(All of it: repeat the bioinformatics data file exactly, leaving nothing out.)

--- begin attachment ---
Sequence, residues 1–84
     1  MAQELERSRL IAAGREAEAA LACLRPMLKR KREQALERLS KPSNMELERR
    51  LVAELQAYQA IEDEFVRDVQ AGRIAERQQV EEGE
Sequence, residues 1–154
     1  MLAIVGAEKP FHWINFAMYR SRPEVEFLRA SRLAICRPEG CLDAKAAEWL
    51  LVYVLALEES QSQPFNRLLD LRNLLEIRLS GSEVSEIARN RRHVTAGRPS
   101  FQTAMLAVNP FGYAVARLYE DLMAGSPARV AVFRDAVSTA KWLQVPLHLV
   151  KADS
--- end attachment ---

Sequence, residues 1–84
     1  MAQELERSRL IAAGREAEAA LACLRPMLKR KREQALERLS KPSNMELERR
    51  LVAELQAYQA IEDEFVRDVQ AGRIAERQQV EEGE
Sequence, residues 1–154
     1  MLAIVGAEKP FHWINFAMYR SRPEVEFLRA SRLAICRPEG CLDAKAAEWL
    51  LVYVLALEES QSQPFNRLLD LRNLLEIRLS GSEVSEIARN RRHVTAGRPS
   101  FQTAMLAVNP FGYAVARLYE DLMAGSPARV AVFRDAVSTA KWLQVPLHLV
   151  KADS